Tropical Storm Lidia Moves Inland in Mexico, Killing 1

Lidia remained dangerous even as it transitioned to a tropical storm late Tuesday, killing at least one person as it moved further inland from the west coast of Mexico and spreading life-threatening winds and heavy rains that unleashed some flooding, forecasters and officials said.

Lidia was about 85 miles north of Guadalajara at 11 p.m., hours after it made landfall nearby as an “extremely dangerous” Category 4 hurricane. Its sustained winds reached 75 miles per hour, with stronger gusts, according to the National Hurricane Center.

Officials in the neighboring state of Nayarit said that one man had died on Tuesday in the town of Punta Mita after strong winds felled a tree on the pickup truck he was driving.

Forecasters at the Servicio Meteorológico Nacional, Mexico’s national weather service, warned of mud- and landslides, cresting rivers and sparks from downed power lines, among other potential dangers.

Schools were suspended on Wednesday in 23 municipalities in Jalisco, the state’s education ministry said. The state opened 23 temporary shelters, said the governor, Enrique Alfaro.

Gov. Alfaro said on social media that there had already been some flooding, but there had not yet been any reported deaths or injuries.

“I had never seen and felt a hurricane like this,” said Martha Ramírez, 60, a journalist in Puerto Vallarta who took refuge in the city hall, where the power was out and the internet connection was spotty.

Officials were also monitoring the water levels of rivers, including the Ameca, one of Mexico’s largest and deepest. In Nayarit, soldiers were deployed for rescues.

President Andrés Manuel López Obrador of Mexico earlier called on residents in the affected regions to “take refuge.”

Lidia has disrupted tourism in resorts along the Pacific coastline. It forced businesses to close in the resort town of Puerto Vallarta, where beaches were vacated, tourists sheltered in their hotels, the airport shut down and hospitals braced for an influx of patients. Residents living near rivers or mountainous areas were asked to go to the government-run shelters, said a spokeswoman for Jalisco’s state government, Susana Rodríguez Mejía.

“We can’t go and control nature, but what we can do is protect ourselves,” Jesús Guillermo Carmona Jiménez, the president of the Hotel and Motel Association of Bahía de Banderas, said in an interview.

Puerto Vallarta was also hit by Hurricane Nora in August 2021, which caused the Cuale River to overflow and killed at least three people.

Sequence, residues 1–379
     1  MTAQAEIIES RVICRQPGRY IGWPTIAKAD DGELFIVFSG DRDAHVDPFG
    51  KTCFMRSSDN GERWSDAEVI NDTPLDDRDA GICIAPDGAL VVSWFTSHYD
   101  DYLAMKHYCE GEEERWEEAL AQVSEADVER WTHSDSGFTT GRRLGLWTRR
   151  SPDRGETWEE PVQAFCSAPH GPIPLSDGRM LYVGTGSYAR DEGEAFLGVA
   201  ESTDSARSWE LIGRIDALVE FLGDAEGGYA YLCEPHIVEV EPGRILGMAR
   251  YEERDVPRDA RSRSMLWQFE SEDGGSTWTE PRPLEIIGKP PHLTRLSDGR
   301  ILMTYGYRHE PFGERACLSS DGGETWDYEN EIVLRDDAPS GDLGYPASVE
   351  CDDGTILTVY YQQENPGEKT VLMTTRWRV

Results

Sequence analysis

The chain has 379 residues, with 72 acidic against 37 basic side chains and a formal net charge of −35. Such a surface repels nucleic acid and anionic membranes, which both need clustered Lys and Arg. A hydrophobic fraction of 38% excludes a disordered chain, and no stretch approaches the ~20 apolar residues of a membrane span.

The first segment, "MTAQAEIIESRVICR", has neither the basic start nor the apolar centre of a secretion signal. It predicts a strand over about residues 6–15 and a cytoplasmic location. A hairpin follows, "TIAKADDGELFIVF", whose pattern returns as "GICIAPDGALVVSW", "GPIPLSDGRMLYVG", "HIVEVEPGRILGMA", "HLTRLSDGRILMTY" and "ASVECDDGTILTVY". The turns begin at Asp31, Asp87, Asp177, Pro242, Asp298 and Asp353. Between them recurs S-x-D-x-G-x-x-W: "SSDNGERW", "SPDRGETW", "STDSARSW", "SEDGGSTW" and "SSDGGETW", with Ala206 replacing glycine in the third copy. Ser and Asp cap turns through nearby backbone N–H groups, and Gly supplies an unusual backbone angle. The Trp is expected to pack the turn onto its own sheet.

A tropical storm warning was in effect for the Pacific Coast of Mexico from Punta San Telmo to Manzanillo. Warnings were discontinued for other coastal areas in Mexico.

Lidia was expected to produce four to eight inches of rain — and in some areas up to 12 inches — through Wednesday across the state of Nayarit, southern portions of the state of Sinaloa and coastal portions of the state of Jalisco, the Hurricane Center said.

These rains were expected to produce flash and urban flooding, and mudslides were possible in areas of higher terrain near the coast. A “dangerous storm surge” was expected to cause significant coastal flooding, forecasters said.

“The rains will continue in the next 12 hours, they will intensify,” said Jerusalén Ceja García, a meteorologist at the Autonomous University of Nayarit, during a state council meeting on Tuesday.

Swells from Lidia were expected to affect the west coast of Mexico and the Baja California peninsula over the next few days, likely causing life-threatening surf and rip current conditions.

Another hurricane made landfall in Nayarit in late October last year. That storm, Hurricane Roslyn, was a Category 4 storm that contributed to the deaths of four people, according to the Hurricane Center.

“That was a much more significant system,” Alex DaSilva, a meteorologist with AccuWeather, said. “While we don’t expect it to be of that strength, we are always concerned about the flooding downpours.”

Areas inland on the west coast of Mexico have mountainous terrain, so heavy rain there can lead to mudslides, washouts and other flooding issues, he said.

Livia Albeck-Ripka, John Yoon, Johnny Diaz, Rebecca Carballo and Claire Moses also contributed reporting.

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